Pubdate: Sat, 08 Feb 2014
Source: Denver Post (CO)
Copyright: 2014 The Denver Post Corp
Author: David Migoya


The expected federal guidance on how banks should deal with legal
marijuana businesses is little more than a misguided effort to "change
water into wine," the state's largest banking association says.

"The only real solution is an act of Congress, which isn't likely in
the near future, though needed," Colorado Bankers Association
president and CEO Don Childears writes in an opinion piece submitted
to The Denver Post.

"Put simply: Banks need the permanence of law versus changeable
guidance," Childears writes.

Bankers have been increasingly wary of offering services to marijuana
businesses - most will not, and those that do are quiet about it -
because federal laws still list marijuana as an illegal drug in the
same manner as heroin and cocaine.

Federal authorities have indicated that "yellow-light" guidance was
likely forthcoming from the U.S. Department of Justice, which
prosecutes drug violations, and the U.S. Department of the Treasury,
under whose authority banking regulators reside.

Legal-marijuana advocates were bolstered by U.S. Attorney General Eric
Holder's statements at the University of Virginia in January that
policy adjustments were being discussed to deal with the unintended
clash between state and federal laws: piles of cash lying around
because marijuana businesses cannot bank.

In a separate four-page position paper, the CBA outlines the variety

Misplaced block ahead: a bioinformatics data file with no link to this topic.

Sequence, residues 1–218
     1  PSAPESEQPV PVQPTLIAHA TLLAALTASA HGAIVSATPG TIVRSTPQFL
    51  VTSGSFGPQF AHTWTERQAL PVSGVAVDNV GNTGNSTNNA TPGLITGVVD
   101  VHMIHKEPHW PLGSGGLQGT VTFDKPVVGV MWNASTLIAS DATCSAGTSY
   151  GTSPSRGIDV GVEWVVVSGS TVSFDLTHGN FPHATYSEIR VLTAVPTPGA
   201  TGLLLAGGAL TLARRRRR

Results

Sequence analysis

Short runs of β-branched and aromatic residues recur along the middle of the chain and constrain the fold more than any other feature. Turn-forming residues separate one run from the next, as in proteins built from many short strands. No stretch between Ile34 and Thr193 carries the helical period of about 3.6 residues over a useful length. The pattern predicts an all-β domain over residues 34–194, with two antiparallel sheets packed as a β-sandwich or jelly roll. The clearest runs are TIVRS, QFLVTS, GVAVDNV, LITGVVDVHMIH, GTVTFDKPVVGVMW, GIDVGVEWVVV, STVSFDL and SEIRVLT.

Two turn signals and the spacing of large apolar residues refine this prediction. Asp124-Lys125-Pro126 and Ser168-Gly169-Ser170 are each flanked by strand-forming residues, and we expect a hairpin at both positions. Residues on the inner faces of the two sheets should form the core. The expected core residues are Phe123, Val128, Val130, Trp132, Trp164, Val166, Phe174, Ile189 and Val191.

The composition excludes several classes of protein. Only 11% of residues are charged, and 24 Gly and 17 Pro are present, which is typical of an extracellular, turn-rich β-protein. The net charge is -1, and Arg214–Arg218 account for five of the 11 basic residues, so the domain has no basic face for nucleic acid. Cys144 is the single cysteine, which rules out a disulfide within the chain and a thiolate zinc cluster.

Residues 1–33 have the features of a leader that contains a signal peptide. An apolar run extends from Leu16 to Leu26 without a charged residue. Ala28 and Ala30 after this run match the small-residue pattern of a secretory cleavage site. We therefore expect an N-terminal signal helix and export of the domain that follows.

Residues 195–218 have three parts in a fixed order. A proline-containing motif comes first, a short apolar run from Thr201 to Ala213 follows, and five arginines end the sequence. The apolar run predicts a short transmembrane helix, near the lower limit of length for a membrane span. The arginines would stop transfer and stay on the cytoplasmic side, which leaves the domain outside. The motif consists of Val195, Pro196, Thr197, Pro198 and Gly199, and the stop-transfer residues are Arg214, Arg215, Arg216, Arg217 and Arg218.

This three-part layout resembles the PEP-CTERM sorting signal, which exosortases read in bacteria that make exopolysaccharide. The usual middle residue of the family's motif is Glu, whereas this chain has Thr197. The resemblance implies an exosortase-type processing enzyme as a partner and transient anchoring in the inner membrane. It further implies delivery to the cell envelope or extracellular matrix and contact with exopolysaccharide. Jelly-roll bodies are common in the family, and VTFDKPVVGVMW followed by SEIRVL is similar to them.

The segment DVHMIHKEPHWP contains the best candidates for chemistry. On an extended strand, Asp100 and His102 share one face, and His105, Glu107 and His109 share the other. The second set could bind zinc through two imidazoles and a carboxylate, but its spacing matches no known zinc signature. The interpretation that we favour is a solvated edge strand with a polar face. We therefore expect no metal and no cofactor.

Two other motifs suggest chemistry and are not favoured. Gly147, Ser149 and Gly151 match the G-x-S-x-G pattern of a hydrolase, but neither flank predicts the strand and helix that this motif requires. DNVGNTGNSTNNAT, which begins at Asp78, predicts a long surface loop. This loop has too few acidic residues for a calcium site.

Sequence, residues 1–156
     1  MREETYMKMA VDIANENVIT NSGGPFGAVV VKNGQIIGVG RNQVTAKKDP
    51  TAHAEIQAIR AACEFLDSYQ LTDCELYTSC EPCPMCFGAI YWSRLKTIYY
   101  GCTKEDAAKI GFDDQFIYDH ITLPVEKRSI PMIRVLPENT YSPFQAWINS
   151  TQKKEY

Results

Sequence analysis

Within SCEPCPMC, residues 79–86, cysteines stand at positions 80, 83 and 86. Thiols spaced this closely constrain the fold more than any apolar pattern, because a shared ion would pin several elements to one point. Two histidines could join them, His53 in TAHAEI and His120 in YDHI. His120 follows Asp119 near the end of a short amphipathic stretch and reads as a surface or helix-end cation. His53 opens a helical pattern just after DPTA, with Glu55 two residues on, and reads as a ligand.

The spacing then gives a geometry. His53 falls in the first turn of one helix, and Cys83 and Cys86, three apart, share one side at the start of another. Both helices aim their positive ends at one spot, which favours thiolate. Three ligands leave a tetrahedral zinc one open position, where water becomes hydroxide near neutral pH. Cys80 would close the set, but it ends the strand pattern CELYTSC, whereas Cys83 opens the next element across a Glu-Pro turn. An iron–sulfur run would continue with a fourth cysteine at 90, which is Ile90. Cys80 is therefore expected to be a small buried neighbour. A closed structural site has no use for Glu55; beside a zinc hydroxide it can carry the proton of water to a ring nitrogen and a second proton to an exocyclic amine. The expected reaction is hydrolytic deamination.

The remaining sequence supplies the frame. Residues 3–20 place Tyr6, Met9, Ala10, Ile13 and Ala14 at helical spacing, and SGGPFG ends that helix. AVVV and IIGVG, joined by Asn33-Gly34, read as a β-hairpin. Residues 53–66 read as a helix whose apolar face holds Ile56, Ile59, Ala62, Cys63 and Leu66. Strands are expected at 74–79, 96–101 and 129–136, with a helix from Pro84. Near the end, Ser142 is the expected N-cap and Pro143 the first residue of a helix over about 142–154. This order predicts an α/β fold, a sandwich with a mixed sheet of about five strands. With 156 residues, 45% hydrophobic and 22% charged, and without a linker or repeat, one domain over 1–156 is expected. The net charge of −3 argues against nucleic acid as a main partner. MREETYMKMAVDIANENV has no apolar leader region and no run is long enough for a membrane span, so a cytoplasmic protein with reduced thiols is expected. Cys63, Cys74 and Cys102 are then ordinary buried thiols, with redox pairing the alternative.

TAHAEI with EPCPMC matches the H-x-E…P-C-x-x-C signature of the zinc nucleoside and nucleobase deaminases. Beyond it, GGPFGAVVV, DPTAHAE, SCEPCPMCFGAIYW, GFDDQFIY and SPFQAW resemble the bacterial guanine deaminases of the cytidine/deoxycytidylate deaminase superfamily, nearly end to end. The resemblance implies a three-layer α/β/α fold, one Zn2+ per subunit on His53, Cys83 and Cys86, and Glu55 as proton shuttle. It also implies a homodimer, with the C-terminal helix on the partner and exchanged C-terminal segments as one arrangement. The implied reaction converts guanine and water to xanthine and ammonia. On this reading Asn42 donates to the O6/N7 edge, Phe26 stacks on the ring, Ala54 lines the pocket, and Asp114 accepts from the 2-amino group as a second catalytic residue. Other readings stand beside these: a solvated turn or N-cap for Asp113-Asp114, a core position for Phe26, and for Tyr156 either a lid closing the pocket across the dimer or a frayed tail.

of issues bankers face in doing business with marijuana shops.

Guidance "cannot change the fact that marijuana is against federal
law," the CBA says in the paper. "It cannot change water into wine."

And any guidance is not enough to move bankers from their leery seats,
Childears said in the opinion piece, which is as yet

"Bankers face criminal and civil penalties should they fail to act on
their suspicions" of reporting financial transactions from known
illegal businesses under federal law, such as marijuana shops,
Childears writes. "These laws simply can't be swept aside."

The issue, Childears writes, is that the authority over banks is not a
prosecutor's choice to look the other way but rather regulators who
wield a weightier level of power.

"Regulators can impose various civil money penalties, cease and desist
orders, fines and can ban bankers from their careers for life, should
they violate federal law," Childears writes.

That means bankers aren't likely - though some have expressed an
interest-to bank marijuana businesses no matter what policy shift
occurs from Holder's forthcoming statement.  
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